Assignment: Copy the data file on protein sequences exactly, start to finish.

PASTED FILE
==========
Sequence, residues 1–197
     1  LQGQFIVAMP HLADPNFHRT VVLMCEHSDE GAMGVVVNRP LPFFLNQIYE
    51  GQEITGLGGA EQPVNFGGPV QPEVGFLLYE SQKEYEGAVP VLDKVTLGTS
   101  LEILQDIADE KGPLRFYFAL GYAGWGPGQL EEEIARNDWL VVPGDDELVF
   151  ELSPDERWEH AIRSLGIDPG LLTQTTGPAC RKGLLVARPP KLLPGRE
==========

Sequence, residues 1–197
     1  LQGQFIVAMP HLADPNFHRT VVLMCEHSDE GAMGVVVNRP LPFFLNQIYE
    51  GQEITGLGGA EQPVNFGGPV QPEVGFLLYE SQKEYEGAVP VLDKVTLGTS
   101  LEILQDIADE KGPLRFYFAL GYAGWGPGQL EEEIARNDWL VVPGDDELVF
   151  ELSPDERWEH AIRSLGIDPG LLTQTTGPAC RKGLLVARPP KLLPGRE